A week in the market

The stock market continued its midsummer decline last week, as all three major indices fell to levels last seen since the late-1990s, despite President Bush’s pronouncement that the economy is fundamentally sound. The Dow Jones Industrial Average finished its worst two week period since the crash in October, 1987, and overall the markets endured the ninth consecutive week of negative performance. While some traders are concerned that more corporate accounting scandals will be revealed, and there are some indications that the housing market is losing strength, there was good economic news this past week that went unappreciated, and that could avert more losses in the weeks ahead.

The markets, though, did experience a week of poor performance. The Dow finished the week at 8,019.26, falling 390 points on Friday, its seventh-largest ever point loss, and down nearly 1400 points since July 5. The NASDAQ ended the week at 1,319.15, down 32 percent for the year, and the S & P 500 ended at 847.76, down 26.2 percent since the year began. Coinciding with the loss in the markets, mutual funds have experienced sharp outflows of cash, as net outflow increased from $11.1 billion in June to already $18.5 billion since the beginning of July. Also, economist also predicted this week that the University of Michigan’s Consumer Sentiment Index is expected to drop to 87.7 in July, from 92.4 in June.

Even the housing sector of the economy is beginning to expand less quickly, enough that some economists are describing it as a bubble. This could be an ominous portent, as the housing market has continued to remain almost unaffected by the rest of the economy, and two-thirds of Americans list their houses as their most valuable asset. New home sales are expected to be down 3 percent for the month of June, and existing home sales are expected to fall to 5.72 million in June, from 5.75 million in May. Housing had been expecting to remain healthy as mortgage rates are near 30 year lows, but the sector is in a slight bubble, as median home prices have risen 8 percent over the past year, while income has only risen 2.9 pecent in the year ending March 31.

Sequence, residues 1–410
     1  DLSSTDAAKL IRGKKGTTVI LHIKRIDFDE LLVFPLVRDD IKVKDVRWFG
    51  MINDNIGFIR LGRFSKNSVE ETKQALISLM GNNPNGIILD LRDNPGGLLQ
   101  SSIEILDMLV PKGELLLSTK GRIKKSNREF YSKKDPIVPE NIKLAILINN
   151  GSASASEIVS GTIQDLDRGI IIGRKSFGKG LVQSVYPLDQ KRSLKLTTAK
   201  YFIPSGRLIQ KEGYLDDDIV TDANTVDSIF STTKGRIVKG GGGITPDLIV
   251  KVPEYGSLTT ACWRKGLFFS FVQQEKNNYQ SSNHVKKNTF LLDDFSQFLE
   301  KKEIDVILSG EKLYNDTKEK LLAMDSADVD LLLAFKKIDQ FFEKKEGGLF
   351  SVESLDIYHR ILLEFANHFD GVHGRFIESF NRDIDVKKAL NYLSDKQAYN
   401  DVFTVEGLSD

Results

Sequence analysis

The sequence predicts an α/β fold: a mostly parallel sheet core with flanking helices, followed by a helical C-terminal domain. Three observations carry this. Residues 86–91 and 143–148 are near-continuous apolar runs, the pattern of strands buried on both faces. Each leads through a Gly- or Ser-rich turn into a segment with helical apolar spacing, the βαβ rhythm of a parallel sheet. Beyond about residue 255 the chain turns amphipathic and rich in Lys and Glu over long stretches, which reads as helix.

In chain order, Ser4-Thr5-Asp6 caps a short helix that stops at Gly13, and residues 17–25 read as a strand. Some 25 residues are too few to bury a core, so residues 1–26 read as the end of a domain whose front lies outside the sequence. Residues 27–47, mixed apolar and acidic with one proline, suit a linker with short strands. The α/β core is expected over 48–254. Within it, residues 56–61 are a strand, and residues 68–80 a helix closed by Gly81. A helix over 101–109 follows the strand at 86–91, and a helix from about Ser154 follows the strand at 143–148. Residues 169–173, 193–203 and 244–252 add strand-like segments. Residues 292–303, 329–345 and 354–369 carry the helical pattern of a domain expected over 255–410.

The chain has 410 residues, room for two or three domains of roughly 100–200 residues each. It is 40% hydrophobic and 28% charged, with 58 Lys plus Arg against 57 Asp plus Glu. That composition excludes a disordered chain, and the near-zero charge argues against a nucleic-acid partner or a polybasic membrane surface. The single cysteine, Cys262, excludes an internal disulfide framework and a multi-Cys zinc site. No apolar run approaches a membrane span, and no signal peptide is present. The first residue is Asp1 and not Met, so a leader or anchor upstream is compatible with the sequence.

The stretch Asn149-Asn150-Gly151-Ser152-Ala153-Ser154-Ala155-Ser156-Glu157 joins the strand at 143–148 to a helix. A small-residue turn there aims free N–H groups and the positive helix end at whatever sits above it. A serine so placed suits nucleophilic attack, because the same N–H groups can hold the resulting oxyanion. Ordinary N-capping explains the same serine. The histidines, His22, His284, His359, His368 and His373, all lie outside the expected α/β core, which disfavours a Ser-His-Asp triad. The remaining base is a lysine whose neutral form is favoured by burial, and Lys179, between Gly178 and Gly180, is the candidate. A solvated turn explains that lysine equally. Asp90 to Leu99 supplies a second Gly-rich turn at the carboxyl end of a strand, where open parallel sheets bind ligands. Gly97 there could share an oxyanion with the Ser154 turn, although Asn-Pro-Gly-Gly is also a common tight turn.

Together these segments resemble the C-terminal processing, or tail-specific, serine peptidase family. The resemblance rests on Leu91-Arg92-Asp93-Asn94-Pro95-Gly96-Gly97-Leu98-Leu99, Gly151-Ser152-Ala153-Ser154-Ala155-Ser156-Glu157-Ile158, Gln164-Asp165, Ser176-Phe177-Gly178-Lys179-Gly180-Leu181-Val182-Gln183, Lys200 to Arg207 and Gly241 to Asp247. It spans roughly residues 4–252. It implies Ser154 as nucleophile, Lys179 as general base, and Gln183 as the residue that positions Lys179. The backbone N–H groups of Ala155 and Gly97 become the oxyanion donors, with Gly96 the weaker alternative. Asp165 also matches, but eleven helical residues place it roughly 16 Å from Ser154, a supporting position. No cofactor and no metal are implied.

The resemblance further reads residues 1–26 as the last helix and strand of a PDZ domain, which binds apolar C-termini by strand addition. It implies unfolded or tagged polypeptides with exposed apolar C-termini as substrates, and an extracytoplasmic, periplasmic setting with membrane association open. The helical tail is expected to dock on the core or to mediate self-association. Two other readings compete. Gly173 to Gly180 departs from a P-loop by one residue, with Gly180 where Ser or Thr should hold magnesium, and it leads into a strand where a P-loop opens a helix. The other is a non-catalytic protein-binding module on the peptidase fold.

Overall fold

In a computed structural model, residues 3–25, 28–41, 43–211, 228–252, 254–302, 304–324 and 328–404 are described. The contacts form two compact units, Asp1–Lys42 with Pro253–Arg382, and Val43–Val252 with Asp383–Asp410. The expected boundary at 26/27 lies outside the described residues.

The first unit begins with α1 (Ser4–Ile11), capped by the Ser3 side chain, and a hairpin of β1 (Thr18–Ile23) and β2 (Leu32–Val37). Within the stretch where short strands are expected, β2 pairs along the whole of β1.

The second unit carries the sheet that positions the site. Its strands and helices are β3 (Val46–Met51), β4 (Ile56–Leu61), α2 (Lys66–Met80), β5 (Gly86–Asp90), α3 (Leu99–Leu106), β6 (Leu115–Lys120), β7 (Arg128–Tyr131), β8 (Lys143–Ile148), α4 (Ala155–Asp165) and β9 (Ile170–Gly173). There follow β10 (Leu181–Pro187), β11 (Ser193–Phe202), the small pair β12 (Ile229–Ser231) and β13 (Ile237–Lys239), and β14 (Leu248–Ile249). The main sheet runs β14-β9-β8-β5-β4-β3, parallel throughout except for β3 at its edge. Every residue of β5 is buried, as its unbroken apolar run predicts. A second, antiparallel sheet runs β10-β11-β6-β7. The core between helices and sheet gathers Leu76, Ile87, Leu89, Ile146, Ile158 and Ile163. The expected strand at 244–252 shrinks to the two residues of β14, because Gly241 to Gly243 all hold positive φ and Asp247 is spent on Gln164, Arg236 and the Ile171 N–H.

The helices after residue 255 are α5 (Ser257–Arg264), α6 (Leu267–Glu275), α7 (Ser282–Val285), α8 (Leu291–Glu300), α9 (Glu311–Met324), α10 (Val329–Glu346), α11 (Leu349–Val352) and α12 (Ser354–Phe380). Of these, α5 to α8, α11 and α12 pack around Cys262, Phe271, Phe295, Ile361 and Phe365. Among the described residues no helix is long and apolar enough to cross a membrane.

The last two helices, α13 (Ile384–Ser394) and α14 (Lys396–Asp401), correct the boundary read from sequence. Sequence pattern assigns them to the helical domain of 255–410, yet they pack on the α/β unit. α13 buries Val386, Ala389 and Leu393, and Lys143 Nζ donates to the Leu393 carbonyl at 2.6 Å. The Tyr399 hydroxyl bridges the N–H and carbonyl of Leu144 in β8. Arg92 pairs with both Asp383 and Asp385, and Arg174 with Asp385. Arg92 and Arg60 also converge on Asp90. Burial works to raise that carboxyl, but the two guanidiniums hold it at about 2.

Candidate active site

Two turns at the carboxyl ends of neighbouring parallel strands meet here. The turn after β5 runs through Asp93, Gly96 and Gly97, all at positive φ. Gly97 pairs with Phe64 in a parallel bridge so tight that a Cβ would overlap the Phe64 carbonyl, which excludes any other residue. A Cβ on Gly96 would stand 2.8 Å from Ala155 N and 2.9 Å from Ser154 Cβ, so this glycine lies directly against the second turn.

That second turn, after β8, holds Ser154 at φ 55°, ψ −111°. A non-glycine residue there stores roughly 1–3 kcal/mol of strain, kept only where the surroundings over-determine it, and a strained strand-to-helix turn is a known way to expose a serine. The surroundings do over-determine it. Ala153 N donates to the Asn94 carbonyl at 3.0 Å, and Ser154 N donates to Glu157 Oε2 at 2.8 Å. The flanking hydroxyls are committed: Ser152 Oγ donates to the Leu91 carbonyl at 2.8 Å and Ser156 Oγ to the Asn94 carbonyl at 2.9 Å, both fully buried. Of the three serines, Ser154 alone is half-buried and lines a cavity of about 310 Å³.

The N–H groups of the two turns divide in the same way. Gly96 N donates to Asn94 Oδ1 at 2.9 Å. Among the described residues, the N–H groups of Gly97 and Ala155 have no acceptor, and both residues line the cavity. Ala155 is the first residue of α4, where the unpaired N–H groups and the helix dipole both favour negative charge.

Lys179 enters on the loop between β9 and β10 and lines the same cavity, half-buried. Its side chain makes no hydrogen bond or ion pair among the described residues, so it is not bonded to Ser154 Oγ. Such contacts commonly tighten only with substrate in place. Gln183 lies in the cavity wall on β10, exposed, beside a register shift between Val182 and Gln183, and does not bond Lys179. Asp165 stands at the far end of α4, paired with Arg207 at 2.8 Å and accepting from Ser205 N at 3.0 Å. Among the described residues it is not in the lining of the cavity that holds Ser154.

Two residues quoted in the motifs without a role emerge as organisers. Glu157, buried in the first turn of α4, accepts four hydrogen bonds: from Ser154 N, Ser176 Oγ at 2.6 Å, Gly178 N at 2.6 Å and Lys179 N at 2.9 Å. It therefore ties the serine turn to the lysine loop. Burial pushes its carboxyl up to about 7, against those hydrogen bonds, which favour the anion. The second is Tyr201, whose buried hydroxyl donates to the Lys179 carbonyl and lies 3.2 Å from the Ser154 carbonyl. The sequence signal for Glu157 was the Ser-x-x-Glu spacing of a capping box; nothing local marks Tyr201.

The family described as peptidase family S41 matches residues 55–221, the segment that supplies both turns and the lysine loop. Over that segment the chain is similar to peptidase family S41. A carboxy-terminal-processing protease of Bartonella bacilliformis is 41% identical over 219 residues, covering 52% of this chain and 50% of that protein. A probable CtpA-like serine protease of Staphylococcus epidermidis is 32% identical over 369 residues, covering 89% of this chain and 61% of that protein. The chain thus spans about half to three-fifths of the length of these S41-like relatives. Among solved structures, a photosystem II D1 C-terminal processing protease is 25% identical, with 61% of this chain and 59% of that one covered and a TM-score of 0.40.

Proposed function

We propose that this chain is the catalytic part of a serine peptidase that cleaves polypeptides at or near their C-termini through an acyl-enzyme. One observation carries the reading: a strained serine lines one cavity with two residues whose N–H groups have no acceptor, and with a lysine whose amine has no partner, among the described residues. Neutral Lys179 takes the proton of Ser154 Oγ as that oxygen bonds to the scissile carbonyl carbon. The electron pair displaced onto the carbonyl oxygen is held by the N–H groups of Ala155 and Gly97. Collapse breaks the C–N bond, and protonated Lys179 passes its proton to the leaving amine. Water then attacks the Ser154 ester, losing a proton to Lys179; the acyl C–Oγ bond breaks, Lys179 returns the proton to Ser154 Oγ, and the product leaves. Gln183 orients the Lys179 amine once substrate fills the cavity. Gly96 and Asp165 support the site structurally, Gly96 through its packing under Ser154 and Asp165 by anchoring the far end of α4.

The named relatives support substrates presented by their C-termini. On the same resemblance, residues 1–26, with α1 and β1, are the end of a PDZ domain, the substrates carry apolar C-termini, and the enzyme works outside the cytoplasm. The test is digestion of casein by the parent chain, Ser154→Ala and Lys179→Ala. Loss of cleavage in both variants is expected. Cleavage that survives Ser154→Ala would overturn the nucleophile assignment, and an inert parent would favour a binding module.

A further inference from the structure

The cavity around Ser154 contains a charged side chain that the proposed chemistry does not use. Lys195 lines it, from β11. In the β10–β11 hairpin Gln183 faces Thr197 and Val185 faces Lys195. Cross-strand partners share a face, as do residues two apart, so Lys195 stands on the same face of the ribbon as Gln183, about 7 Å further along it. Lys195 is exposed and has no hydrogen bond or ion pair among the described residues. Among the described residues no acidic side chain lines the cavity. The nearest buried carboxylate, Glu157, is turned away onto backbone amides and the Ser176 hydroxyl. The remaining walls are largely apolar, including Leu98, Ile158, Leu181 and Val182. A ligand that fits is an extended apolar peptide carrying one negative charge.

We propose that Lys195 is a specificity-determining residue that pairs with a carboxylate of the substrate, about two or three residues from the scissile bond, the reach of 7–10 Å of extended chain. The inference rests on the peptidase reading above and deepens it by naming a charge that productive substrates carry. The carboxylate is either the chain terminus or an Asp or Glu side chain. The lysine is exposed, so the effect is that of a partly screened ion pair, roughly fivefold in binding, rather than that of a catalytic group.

However, good news is not too difficult to find, and perhaps the most encouraging news this year was included in Chairman of the Federal Reserve Greenspan’s statement on Wednesday. Greenspan has continually warned that corporate spending will not increase until excess inventories have been reduced, and last week he stated that factories have “largely” worked off such oversupplies. In this mood, though, positive news is ignored for only slightly negative news. The market, then, is in search of an identity, trying to contract or slowly expand, but never remaining static.